The more I learn about biology the more I realize that there is no dichotomies in human nature. All the things are spectrums.

      2. Liz*

        I used to feel this way. But “girl crushes” are CRUSHES, and the way our culture minimizes and devalues them can often make bi women dismiss their own feelings.

        1. Snarl Trolley*

          Oh my GOD yes, this.

          LadyPhoenix: Please know you’re entirely valid! Feelings are a strange, nebulous creature. Often, if you’re “wondering” if you’re queer, congratulations! You’re queer. Firmly straight people don’t quite tend to worry about co-opting identities, because they know what they are. Questioning is still a flavor of queer, in my opinion. You are welcome in my fold. <3

          1. Tafadhali*

            My friends and I all joke that having the thought “I’m probably not really bi enough to COUNT” is basically the hallmark of bisexuality. <3

      3. anon today and tomorrow*

        To be fair, I think there’s a difference between an overexcited ally who may be privately questioning or unaware of their sexual identity and someone who is definitely straight and is an overexcited ally.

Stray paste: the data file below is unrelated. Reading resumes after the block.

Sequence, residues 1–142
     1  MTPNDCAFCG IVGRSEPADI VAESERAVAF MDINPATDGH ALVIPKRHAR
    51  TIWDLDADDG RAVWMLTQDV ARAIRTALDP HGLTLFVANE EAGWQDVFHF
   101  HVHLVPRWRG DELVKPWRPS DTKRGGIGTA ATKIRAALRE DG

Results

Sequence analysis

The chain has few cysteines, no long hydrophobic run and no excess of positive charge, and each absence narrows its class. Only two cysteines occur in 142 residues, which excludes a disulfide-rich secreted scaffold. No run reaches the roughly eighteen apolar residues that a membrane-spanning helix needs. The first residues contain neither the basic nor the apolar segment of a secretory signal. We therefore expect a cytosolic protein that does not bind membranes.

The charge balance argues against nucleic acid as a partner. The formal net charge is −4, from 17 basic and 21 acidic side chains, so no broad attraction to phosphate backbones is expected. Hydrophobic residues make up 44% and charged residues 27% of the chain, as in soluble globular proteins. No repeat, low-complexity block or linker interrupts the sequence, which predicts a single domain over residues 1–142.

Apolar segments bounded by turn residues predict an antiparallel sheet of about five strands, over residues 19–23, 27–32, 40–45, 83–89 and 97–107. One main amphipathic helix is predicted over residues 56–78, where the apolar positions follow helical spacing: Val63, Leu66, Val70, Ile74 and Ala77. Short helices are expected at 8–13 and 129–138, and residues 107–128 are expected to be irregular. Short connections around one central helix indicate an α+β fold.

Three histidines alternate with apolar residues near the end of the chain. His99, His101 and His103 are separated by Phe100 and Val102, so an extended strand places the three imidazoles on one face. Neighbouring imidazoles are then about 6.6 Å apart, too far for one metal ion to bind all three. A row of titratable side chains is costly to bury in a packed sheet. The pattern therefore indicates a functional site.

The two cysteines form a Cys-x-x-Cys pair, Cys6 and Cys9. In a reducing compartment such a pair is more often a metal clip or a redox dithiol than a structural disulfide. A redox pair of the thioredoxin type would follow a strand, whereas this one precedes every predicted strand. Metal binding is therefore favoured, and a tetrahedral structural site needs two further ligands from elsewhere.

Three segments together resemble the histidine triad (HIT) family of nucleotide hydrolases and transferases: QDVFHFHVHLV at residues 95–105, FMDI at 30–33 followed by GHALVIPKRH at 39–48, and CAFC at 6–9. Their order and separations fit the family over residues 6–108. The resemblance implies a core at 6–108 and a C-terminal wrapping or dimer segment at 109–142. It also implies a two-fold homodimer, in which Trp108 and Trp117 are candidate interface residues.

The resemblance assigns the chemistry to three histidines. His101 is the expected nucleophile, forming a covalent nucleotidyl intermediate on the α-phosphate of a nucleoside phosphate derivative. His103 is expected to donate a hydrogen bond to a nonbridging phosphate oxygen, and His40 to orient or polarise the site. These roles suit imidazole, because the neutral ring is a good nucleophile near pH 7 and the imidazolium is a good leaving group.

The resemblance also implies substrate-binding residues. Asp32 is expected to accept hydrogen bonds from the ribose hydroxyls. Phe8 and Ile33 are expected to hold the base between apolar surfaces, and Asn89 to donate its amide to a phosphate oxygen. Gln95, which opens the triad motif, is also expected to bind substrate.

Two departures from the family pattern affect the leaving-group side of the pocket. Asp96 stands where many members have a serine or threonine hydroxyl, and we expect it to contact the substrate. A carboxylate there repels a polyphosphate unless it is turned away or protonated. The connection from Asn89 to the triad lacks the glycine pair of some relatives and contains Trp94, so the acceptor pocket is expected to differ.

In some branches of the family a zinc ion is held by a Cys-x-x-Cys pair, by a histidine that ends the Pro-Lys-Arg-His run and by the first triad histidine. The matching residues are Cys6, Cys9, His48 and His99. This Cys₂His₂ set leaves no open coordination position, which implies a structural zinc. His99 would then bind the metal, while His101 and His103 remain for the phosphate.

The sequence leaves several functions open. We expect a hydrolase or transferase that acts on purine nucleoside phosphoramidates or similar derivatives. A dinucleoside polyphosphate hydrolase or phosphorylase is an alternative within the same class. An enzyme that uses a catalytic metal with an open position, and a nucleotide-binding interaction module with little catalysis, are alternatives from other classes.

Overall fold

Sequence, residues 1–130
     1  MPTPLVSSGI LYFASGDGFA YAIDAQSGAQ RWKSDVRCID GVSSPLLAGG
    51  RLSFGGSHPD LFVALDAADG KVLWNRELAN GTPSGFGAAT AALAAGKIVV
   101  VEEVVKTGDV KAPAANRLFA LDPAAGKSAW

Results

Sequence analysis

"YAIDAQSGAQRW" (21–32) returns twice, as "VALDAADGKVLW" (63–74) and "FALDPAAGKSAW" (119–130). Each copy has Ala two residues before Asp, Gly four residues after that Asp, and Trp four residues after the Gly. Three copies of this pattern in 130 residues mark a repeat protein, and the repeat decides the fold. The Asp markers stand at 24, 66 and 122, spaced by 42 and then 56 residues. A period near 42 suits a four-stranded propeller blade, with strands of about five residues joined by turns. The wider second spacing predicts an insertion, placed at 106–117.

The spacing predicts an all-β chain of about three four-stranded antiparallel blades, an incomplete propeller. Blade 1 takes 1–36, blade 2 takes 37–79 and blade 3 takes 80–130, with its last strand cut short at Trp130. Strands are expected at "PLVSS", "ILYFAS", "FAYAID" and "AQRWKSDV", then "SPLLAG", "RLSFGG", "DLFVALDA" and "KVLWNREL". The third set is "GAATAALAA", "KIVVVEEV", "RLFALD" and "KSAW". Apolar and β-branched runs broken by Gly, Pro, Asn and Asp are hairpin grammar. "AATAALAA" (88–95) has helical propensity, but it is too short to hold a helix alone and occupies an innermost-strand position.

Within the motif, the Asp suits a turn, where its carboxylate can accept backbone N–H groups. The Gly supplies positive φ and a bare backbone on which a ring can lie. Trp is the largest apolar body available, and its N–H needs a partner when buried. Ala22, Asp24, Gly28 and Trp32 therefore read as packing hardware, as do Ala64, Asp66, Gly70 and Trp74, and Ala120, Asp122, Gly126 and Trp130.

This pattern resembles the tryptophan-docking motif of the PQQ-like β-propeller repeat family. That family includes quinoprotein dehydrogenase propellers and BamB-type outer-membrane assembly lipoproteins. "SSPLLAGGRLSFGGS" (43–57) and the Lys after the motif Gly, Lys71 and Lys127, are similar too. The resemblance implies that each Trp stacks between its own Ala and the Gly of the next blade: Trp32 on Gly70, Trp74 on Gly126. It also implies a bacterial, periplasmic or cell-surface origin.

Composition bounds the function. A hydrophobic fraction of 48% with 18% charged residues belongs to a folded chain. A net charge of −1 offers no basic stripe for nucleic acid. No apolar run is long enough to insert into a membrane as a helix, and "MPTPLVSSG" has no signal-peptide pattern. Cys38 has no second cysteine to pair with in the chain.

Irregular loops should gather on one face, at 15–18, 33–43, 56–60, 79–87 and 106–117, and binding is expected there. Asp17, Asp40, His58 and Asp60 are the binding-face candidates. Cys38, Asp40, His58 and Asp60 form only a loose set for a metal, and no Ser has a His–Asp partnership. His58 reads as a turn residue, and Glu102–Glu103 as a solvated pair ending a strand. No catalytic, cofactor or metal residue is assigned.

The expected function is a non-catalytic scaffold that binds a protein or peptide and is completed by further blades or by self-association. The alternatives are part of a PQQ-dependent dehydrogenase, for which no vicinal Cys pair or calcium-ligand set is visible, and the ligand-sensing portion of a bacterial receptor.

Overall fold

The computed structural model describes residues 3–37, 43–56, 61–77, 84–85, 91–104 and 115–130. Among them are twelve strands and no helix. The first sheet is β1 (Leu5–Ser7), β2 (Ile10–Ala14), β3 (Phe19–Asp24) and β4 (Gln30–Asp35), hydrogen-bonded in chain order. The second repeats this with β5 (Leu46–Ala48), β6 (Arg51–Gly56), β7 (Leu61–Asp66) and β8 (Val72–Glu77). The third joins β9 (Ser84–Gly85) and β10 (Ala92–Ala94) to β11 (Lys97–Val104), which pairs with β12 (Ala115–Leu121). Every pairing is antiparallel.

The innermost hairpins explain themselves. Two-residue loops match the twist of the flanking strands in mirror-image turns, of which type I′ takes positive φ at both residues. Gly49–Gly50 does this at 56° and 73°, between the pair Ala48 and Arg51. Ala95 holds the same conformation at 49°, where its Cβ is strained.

Part of LGBTQA+ culture is being an over-invested ally before understanding or acknowledging your sexuality. I know a lot of people, myself included, who had a phase of being an over-invested, overexcited, sometimes fetishistic ally before they realized their sexuality. It’s easier to be invested in a group as an outsider sometimes than admitting that you are part of that group.

      4. JennyFair*

        There isn’t a finite number of spots :) And do keep in mind, as you figure out where you fit, that your attraction to one gender may be very different from your attraction to another, and that doesn’t invalidate either of them. (For instance, I’m bisexual in a very ‘if men weren’t (almost) all infected by toxic masculinity, I might find some of them attractive’ kind of way).